Peer Reviewed


Atraumatic Cervical Fracture in Rheumatoid Arthritis

Luis Perez, DO

Luis Perez, DO

Perez L. Atraumatic cervical fracture in rheumatoid arthritis. Consultant. 2015;55(7):567-568.


A 72-year-old white woman with hypertension, hypothyroidism, breast cancer (in remission), and monoclonal gammopathy of undetermined significance (MGUS) presented with a sore throat and sinus congestion of 1-month duration.

History. The patient had previously been seen at an urgent care clinic and was prescribed nasal fluticasone propionate as well as a 10-day course of cefuroxime, which did not help her symptoms. During the visit, she complained of “full sinuses,” sore throat, and mild right-sided neck discomfort. She had been using a Neti pot without relief. She denied any fevers, tooth pain, anosmia, or rhinorrhea.

Physical examination. Examination revealed a well-appearing and comfortable female, lungs were clear to auscultation bilaterally. There was no sinus tenderness to percussion and no significant nasal discharge. Cervical examination was performed due to her complaint of right-sided neck discomfort. There was good range of motion and the only complaint elicited was a “crunching” feeling during range of motion testing, which was attributed by the patient as due to her arthritis.

Laboratory tests. The patient was advised to continue with her current treatment and a sinus CT was ordered to evaluate the paranasal sinuses. 

Later that evening, the radiologist informed us that our patient had no evidence of sinusitis but had unstable C1 and C2 vertebral fractures with atlantoaxial subluxation. The patient was immediately contacted at home and instructed to call 911 to be transported to the local emergency room immediately. The patient was initially reluctant since there was no history of trauma and she had been able to go about her daily activities with no problems, and as a matter of fact was getting ready to go out to dinner, but after some cajoling agreed to be taken to ER via squad.

Outcome of the case. Evaluation with cervical CT scan revealed a fracture through the base of the odontoid with posterior displacement of the odontoid fragment by approximately 3 mm (Figure 1). There were also several small bone fragments anterior to the odontoid, representing possible fracture of the anterior C1 arch (Figure 2), and a fracture cleft through the posterior arch of C1 on the right (Figure 3).

Figure 1
Figure 1. Fracture through the base of the odontoid.

Figure 2
Figure 2. Bone fragments anterior to the odontoid.

Figure 3
Figure 3. Fracture through the posterior arch of C1.


The patient was admitted to the ICU and neurosurgery was consulted. MRI of the cervical spine confirmed the CT findings. There was also abnormal enhancing soft tissue density surrounding the dens and abnormal bone marrow signal intensity involving C1 and C2, which was suspicious for metastatic disease or rheumatoid arthritis (RA). The patient was placed in a halo for immediate stabilization.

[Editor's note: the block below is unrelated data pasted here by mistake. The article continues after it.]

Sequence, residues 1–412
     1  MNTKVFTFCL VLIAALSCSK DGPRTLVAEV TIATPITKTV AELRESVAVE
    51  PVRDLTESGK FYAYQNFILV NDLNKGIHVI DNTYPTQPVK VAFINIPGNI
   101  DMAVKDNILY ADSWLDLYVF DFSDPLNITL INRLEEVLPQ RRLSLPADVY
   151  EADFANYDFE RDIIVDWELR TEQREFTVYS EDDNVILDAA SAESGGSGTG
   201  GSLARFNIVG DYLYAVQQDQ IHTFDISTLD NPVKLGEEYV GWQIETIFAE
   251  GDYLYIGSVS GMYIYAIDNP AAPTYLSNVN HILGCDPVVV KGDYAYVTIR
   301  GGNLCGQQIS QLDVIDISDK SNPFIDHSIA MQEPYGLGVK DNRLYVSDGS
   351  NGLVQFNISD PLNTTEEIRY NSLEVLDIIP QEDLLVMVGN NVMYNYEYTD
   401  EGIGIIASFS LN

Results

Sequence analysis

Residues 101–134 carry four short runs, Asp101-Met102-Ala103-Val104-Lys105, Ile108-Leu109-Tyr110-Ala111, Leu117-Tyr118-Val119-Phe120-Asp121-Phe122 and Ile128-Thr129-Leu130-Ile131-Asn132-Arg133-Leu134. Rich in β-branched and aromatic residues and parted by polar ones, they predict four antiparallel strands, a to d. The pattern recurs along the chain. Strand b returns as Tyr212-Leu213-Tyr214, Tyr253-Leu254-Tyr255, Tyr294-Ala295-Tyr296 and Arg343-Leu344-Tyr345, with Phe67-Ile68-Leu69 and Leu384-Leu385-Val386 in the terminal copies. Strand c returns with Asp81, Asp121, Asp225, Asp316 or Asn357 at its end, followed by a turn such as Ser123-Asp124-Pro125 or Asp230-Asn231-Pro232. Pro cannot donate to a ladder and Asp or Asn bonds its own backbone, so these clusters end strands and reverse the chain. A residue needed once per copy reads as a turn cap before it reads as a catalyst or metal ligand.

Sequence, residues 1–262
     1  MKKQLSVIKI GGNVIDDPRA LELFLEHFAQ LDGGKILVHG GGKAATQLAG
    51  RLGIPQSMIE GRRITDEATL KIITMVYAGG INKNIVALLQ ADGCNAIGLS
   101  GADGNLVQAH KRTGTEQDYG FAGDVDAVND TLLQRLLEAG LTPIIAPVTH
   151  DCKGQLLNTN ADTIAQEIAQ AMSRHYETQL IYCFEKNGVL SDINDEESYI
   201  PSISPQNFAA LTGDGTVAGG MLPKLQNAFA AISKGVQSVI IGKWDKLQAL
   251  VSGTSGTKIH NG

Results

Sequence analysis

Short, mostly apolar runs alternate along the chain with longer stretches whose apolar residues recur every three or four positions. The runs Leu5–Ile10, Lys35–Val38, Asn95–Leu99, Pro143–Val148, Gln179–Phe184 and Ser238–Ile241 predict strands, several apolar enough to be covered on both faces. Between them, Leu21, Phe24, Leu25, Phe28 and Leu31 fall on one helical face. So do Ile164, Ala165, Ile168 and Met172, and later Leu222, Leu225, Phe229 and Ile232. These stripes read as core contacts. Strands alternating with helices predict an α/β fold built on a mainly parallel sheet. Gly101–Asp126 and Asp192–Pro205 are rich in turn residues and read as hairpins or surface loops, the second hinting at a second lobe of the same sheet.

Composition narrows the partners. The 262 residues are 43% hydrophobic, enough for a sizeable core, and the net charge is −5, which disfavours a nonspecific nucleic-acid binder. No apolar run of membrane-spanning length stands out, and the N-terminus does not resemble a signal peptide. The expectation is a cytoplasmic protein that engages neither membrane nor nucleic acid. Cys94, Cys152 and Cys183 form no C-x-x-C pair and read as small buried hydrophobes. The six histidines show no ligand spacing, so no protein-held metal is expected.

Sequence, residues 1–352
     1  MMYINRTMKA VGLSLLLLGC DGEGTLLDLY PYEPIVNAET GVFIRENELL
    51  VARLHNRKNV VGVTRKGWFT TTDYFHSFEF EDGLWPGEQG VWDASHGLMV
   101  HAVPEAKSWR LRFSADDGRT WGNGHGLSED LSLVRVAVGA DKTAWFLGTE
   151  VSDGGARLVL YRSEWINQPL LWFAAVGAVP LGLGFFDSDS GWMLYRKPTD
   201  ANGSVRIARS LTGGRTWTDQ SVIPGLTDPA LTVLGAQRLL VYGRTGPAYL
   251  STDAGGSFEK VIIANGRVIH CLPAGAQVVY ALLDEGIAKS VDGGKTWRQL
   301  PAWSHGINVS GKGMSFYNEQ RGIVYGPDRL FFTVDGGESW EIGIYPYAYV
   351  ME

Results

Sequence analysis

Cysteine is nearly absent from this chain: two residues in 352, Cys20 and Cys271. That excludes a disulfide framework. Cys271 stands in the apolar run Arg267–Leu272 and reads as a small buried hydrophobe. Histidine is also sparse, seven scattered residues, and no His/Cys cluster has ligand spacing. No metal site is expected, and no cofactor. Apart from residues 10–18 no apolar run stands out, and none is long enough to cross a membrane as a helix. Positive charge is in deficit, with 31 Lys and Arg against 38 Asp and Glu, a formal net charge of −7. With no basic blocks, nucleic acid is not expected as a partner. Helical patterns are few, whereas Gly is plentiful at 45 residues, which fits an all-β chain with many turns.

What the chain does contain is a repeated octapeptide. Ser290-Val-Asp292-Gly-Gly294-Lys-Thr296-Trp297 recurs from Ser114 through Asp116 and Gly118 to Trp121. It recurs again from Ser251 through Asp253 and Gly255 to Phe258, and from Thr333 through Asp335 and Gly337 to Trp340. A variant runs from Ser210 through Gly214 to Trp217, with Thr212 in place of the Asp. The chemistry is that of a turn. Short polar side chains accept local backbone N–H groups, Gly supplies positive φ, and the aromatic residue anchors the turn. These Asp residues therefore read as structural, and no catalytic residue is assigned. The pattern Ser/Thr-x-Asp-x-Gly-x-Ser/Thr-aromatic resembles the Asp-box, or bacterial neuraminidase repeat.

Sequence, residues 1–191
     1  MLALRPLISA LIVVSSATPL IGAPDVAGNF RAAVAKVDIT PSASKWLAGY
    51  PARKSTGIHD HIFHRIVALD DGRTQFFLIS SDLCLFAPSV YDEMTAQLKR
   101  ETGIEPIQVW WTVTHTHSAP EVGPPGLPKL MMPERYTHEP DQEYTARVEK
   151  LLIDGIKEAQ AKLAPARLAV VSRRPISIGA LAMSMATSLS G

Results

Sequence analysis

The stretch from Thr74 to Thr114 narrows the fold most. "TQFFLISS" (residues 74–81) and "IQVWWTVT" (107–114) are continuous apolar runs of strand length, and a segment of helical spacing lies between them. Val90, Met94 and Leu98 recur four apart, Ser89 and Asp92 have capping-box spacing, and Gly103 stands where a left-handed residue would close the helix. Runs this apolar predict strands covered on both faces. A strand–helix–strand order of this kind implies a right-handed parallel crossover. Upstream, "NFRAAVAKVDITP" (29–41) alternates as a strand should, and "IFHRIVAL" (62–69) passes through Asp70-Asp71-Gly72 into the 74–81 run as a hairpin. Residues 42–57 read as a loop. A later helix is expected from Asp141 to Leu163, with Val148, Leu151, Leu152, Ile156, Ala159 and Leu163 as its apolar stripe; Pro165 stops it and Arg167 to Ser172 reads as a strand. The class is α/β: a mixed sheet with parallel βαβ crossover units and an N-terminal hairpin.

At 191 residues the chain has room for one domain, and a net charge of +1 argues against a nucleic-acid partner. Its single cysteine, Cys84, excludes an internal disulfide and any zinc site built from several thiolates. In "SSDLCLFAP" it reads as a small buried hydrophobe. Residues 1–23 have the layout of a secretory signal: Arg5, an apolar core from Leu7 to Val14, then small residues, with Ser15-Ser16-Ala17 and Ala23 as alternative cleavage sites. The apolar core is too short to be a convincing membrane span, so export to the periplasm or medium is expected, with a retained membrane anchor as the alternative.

Since the patient had no history of RA, that diagnosis was deemed less likely than metastatic disease. The patient had been successfully treated for stage II breast cancer several years ago and was in remission, and followed-up regularly with her oncologist who monitored this condition as well as her MGUS. When her oncologist was consulted, his initial concern was to rule out metastatic disease. 

The patient underwent CT of the chest, abdomen, and pelvis as well as a 3-phase bone scan, all of which were negative for malignancy or metastatic disease. Labwork ordered by oncology included rheumatoid factor and antinuclear antibodies (ANA). The patient’s rheumatoid factor was elevated at 16.2 IU/mL and her ANA was 1:160.

The final diagnosis was pathologic cervical fracture due to RA. The patient eventually underwent a successful occipitocervical stabilization and fusion, and recovered well.

Discussion. Cervical involvement in RA has been well-documented as a long-term sequelae of RA. The most common abnormality is atlantoaxial subluxation. Spontaneous and atraumatic cervical fractures are less common; most cases of atraumatic fractures involve only the odontoid.1-4 The search also returned some cases of cervical vertebral fractures in RA, but those case reports involved ankylosed vertebrae and traumatic events, and none were atraumatic. The tissue destruction due to RA that leads to joint instability causes atlantoaxial subluxation in the cervical spine. Presumably, this also caused the atraumatic cervical fracture in our patient.

The diagnosis of RA in this patient was surprising, given the fact that the patient did not have any significant cervical pain and her main reason to seek medical attention was her sinus discomfort. The patient had never been diagnosed with RA in the past and apparently, prior to establishing care with us, did not have symptomatology that warranted a rheumatoid work-up by previous physicians. She did not complain of polyarthralgias and did not have any physical signs of RA, such as ulnar deviation of the fingers or rheumatoid nodules. Her overall physical appearance did not suggest long-standing RA.

This case is a reminder that in elderly patients that complain of any cervical issues (such as the neck discomfort or the “crunching” described by the patient when moving her neck), obtaining a set of plain films is imperative prior to considering any manipulation of the cervical spine, particularly in techniques that involve high velocity or extremes of range of motion. 

Acknowledgement: Thanks to Dr Karen Sheehan, radiologist at Firelands Regional Medical Center, for her assistance in the preparation of this case report.


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  4. Toyama Y, Hirabayashi K, Fujimura Y, Satomi K. Spontaneous fracture of the odontoid process in rheumatoid arthritis. Spine J. 1992;17(10 Suppl):S436-441.